5 Tips to Avoid Ruts in Lawns

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A rutted lawn is unattractive and difficult to mow. Handling ruts requires both prevention and repair techniques.

1. Vary Mowing Patterns

One of the major causes of lawn ruts is the wheels of your lawnmower. If the lawnmower is pushed along the same path every single time you mow your lawn, then ruts will eventually form. Both the wheels of the lawnmower and your own footsteps trailing behind it can cause ruts. Vary your mowing pattern from week to week. For example, one week you should mow in horizontal stripes and the next choose vertical stripes. 

2. Manage Moisture Levels

When the lawn is dry and the grass is under drought stress, the blades can't recover quickly when they are walked upon. Eventually, they will lay flat and the ground will compress beneath them and form a rut each time you walk the same path. Ruts also form in overly wet soil, as equipment or foot steps will compact down the wet, squishy soil and form a hard crust as it dries. Work with a lawn maintenance service to determine the best watering schedule for your lawn so you can guard against both overly dry and wet soils. 

3. Install Flagstones

If you find yourself and your family always cutting across the lawn at the same place, maybe it is time to stop fighting the ruts. Instead, install a simple flagstone pathway to protect the area against further damage. One benefits of flagstones is that they can still be mown over, so they don't create any challenges when it comes to lawn care.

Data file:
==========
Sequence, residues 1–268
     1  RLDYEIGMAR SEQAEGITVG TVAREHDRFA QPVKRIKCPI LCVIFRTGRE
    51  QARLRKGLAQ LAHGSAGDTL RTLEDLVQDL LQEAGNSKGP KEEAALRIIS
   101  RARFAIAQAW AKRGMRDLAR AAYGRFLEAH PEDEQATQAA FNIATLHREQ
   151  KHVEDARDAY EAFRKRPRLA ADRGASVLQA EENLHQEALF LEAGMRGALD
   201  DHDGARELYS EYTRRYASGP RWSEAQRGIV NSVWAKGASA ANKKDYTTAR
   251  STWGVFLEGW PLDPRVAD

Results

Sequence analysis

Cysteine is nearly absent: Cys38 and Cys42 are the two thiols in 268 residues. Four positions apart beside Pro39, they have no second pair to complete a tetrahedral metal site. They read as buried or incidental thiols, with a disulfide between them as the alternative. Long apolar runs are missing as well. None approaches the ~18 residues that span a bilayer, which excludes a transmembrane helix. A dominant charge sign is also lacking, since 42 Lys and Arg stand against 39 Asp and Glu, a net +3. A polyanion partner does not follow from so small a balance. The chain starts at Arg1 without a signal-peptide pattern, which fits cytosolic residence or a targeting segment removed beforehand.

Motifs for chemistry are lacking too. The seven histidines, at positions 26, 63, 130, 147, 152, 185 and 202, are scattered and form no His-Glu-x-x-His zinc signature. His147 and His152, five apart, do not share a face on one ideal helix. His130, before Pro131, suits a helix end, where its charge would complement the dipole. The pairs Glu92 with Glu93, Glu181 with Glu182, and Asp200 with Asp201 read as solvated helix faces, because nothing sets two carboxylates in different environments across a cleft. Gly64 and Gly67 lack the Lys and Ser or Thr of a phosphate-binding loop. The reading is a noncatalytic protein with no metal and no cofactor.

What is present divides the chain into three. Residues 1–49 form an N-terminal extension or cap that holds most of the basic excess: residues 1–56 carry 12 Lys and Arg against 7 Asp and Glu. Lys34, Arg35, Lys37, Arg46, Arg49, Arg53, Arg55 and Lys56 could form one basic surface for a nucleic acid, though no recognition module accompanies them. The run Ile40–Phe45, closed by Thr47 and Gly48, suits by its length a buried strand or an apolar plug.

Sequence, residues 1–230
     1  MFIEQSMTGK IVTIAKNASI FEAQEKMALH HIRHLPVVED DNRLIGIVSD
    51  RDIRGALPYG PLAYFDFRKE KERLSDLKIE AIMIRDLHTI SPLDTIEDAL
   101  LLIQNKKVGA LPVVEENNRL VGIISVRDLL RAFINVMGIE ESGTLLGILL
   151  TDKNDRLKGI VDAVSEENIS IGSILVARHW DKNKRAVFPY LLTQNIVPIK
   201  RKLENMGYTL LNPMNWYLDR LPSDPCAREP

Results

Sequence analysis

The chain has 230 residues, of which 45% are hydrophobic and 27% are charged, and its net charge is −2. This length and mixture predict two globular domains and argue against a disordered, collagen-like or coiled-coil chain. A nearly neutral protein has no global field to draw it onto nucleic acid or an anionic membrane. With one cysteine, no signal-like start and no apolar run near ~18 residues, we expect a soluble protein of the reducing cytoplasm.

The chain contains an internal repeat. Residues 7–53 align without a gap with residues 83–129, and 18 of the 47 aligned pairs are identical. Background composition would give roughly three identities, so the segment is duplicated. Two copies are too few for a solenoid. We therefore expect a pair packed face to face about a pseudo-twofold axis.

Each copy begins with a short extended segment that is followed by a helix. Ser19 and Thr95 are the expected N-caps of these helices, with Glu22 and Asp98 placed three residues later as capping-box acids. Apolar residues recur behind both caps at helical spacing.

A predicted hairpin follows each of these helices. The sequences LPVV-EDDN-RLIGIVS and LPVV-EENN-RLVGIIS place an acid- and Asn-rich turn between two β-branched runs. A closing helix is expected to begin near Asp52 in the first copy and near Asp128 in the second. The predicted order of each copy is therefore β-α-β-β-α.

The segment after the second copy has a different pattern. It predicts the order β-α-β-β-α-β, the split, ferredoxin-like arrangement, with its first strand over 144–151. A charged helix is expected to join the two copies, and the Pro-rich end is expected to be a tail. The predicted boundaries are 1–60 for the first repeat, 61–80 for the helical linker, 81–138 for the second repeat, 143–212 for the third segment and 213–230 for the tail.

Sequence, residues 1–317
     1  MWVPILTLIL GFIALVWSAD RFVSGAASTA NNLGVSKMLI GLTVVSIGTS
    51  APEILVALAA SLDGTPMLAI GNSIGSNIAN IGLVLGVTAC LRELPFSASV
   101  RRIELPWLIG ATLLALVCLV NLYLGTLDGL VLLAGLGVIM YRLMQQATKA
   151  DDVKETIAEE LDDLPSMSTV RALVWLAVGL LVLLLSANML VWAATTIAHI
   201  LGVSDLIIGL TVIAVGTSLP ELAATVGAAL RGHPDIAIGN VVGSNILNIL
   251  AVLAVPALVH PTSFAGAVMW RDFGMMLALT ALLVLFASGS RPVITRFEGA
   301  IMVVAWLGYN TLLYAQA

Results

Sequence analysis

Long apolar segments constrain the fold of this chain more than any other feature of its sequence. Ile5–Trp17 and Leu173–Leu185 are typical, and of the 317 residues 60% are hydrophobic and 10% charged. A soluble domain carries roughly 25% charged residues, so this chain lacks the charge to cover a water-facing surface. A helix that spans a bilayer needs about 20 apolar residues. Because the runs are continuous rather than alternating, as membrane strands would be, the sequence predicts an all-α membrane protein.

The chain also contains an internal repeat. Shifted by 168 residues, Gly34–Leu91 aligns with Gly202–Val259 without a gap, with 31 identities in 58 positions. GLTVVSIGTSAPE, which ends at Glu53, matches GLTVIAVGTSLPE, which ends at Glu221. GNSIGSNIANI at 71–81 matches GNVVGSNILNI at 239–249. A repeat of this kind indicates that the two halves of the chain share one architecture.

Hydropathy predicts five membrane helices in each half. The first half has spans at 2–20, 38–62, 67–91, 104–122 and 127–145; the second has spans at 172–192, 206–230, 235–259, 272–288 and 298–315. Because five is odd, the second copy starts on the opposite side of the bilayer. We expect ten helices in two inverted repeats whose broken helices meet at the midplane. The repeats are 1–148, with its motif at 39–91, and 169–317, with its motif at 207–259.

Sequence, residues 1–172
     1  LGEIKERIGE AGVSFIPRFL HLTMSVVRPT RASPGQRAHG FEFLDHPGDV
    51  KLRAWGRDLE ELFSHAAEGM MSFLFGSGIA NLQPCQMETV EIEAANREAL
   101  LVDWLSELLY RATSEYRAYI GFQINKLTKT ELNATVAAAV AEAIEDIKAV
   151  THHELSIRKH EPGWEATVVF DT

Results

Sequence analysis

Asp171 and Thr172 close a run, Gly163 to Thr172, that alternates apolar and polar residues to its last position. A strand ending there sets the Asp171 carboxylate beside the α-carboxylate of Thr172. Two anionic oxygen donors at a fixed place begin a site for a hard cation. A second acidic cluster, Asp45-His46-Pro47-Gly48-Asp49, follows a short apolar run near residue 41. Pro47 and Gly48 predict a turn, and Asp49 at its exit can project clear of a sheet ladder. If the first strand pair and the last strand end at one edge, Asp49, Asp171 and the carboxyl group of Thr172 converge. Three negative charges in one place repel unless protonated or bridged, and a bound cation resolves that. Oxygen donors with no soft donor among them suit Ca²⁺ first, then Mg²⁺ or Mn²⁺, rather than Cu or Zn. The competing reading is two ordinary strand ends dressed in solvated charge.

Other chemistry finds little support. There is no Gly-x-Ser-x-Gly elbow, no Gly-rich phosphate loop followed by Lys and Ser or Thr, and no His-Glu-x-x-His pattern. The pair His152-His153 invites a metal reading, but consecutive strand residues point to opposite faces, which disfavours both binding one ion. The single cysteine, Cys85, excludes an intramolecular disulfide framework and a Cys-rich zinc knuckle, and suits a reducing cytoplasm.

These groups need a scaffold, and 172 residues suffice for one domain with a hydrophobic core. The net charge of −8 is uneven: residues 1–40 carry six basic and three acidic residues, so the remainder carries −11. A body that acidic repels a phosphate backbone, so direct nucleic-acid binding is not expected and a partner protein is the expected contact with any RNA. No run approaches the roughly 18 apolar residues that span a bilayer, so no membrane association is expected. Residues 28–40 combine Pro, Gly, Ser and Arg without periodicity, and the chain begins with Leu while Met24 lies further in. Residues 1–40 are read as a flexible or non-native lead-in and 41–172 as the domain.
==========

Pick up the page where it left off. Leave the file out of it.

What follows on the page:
4. Schedule Aeration

When ruts are already an issue, repair is necessary. Begin the repair process by having the lawn aerated with special attention paid to the rutted area. Aeration opens up the compacted soil, which allows the grass to begin growing more healthily in the rutted areas. It also slows down the process of future compactions so the rutted areas can begin to recover.

5. Fill Them In

Filling in the ruts is necessary to make the ground level again. Unless you want to tear out the sod and start from scratch, tackle this project over time. Spread topsoil over the ruts so only about 1 inch of the lawn protrudes above the soil. After a few weeks, once the topsoil settles, repeat the process. Continue to add topsoil every few weeks until the ruts have leveled out. 

Contact a lawn maintenance service if you need more help with addressing ruts in your lawn.